Richard Childress misses Hall of Fame honor for special reason

May 26, 2016; Concord, NC, USA; Team owner Richard Childress watches a monitor in the garage during practice for the Coca-Cola 600 at Charlotte Motor Speedway. Mandatory Credit: Jim Dedmon-USA TODAY Sports
May 26, 2016; Concord, NC, USA; Team owner Richard Childress watches a monitor in the garage during practice for the Coca-Cola 600 at Charlotte Motor Speedway. Mandatory Credit: Jim Dedmon-USA TODAY Sports

May 26, 2016; Concord, NC, USA; Team owner Richard Childress watches a monitor in the garage during practice for the Coca-Cola 600 at Charlotte Motor Speedway. Mandatory Credit: Jim Dedmon-USA TODAY Sports

Richard Childress has been waiting for years to hear his name called for the NASCAR Hall of Fame. In fact, he thought he might never live to see the day, admitting he “was told the only way I was going to get in was to retire or be deceased.”

So when Childress wasn’t in attendance on Wednesday night for his Hall of Fame honor, it was noticeable, to say the least. His reasoning? The Richard Childress Racing owner attended a Congressional Pediatric Trauma Briefing in Washington D.C.

Joining North Carolina’s Representatives Republican Richard Hudson and Democrat G.K. Butterfield, Childress spoke about his efforts with the Childress Institute for Pediatric Trauma.

“Every time you hear a church bell ring, a child dies,” Childress said in a release. “And this is 2016. We have to do something to change that. This country’s losing 10,000 children a year. We want to build a team and have everyone get aboard this team and go out there.”

Richard Childress poses with NC Representatives Richard Hudson (left) and G.K. Butterfield (right) during his meeting in Washington, D.C. Image courtesy of Al Drago.

Richard Childress poses with NC Representatives Richard Hudson (left) and G.K. Butterfield (right) during his meeting in Washington, D.C. Image courtesy of Al Drago.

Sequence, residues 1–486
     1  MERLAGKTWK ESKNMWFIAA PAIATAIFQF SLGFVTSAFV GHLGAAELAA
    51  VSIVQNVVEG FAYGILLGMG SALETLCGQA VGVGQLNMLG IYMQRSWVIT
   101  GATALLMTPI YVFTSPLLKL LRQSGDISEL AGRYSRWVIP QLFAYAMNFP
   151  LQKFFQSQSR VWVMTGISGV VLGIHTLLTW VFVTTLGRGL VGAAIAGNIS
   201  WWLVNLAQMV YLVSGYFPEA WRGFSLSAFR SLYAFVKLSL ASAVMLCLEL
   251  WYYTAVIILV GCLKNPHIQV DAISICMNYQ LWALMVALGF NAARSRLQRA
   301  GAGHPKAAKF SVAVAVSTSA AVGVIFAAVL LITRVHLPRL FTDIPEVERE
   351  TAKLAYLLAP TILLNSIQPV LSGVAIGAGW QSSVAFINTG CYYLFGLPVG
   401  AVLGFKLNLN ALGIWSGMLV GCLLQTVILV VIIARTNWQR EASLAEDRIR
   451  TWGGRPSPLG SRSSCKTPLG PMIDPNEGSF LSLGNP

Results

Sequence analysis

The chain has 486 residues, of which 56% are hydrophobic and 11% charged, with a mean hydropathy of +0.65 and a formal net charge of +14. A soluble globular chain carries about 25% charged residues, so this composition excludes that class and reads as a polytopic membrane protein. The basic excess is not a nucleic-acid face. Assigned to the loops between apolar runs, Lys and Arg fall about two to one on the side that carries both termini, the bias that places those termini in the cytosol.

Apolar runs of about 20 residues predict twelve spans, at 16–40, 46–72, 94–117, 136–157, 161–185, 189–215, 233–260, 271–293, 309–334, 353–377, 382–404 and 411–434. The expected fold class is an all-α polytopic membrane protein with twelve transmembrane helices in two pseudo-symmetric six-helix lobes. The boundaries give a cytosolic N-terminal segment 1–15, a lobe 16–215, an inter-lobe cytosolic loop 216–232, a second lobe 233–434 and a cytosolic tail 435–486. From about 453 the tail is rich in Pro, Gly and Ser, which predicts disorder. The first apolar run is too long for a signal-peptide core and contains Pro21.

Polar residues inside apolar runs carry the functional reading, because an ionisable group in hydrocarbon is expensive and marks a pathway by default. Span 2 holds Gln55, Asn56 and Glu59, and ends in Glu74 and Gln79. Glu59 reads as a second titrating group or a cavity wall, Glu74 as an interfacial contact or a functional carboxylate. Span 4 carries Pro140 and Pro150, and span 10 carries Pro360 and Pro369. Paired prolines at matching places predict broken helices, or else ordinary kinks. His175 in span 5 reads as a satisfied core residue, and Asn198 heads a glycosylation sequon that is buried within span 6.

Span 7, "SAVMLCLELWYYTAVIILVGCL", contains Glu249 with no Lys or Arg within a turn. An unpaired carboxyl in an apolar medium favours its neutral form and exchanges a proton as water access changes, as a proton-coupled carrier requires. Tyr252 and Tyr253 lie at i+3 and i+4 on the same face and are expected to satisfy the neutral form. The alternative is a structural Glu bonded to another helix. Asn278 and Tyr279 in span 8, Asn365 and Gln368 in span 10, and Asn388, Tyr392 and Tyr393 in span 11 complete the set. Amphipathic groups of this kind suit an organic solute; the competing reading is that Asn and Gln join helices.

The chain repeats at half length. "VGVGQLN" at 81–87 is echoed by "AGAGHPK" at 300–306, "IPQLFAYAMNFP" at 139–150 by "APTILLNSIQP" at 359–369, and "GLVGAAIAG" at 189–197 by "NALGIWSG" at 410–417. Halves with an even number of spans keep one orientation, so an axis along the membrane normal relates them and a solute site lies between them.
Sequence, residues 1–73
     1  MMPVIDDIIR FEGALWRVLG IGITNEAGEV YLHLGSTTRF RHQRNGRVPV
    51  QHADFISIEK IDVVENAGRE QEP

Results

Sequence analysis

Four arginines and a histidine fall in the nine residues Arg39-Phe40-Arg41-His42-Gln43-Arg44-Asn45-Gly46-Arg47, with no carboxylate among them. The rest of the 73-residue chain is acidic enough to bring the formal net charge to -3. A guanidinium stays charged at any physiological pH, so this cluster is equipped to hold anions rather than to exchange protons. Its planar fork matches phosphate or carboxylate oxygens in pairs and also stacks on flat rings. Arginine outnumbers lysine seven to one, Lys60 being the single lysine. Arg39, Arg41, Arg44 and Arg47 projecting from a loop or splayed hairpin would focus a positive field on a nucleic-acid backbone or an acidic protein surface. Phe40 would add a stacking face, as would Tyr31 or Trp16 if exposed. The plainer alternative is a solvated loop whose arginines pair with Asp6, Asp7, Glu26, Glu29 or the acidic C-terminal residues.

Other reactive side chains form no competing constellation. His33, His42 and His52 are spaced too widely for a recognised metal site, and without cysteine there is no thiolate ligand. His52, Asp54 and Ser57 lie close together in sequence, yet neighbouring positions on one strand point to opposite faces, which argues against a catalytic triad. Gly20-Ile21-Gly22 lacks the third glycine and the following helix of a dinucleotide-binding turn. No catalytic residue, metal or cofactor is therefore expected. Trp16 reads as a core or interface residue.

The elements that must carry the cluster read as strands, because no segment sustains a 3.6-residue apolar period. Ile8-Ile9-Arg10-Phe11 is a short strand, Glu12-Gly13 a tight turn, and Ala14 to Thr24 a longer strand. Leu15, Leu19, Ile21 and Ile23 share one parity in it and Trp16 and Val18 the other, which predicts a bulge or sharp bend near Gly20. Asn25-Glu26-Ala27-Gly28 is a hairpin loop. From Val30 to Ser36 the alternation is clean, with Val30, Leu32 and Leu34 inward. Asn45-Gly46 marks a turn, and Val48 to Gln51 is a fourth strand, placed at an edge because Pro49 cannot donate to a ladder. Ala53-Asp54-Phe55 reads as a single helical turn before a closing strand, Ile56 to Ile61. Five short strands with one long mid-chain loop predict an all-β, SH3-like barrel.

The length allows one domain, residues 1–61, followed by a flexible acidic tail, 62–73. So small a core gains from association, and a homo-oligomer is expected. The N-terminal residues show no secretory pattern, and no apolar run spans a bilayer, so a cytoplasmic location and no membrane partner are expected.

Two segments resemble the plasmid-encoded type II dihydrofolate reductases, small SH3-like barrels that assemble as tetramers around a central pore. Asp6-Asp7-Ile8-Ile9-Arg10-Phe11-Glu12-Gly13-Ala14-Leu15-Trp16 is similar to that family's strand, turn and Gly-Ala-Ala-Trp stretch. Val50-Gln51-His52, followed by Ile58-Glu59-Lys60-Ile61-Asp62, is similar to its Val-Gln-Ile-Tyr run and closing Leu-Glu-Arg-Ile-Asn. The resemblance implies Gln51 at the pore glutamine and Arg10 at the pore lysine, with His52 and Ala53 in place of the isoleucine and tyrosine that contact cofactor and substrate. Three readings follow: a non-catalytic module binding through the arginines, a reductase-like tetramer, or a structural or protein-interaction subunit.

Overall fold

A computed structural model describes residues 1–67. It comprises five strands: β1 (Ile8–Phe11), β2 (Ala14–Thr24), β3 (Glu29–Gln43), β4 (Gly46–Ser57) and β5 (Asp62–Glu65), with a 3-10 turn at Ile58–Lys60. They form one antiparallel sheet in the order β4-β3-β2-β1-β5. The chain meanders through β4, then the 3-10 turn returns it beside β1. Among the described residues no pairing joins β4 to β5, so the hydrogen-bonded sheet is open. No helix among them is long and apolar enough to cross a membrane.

Telling stories about children who were hit by a vehicle or falling off horses, the concerned owner brought light to an issue that many kids in high-income families don’t have to cope with. Childress noted level one trauma centers are more likely to save these kids’ lives, but not all states have those facilities, much less cities.

“He’s not just someone who uses his celebrity to fly in, fly out and do a photo op,” Hudson said of Childress. “He is someone who invests his time.”

“There is nothing more devastating for a family then losing their precious child,” Butterfield added.

Over his several decades in NASCAR, Childress has become one of its most successful owners. After winning six championships with Dale Earnhardt, the Hall of Fame owner now has a stable that includes Paul Menard, Ryan Newman and grandson Austin Dillon.

Similar to the way he fights for his drivers on a weekly basis, Childress has brought the fight to the Capitol for children. With his backing, the institute remains focused on research and medical education to improve treatment and awareness of pediatric trauma.

“[Kids are] going to be the president, they’re going to be the congressmen and women,” Childress said. “And we have to do something.”

 

Follow Chicken Bone Alley on Twitter and like us on Facebook.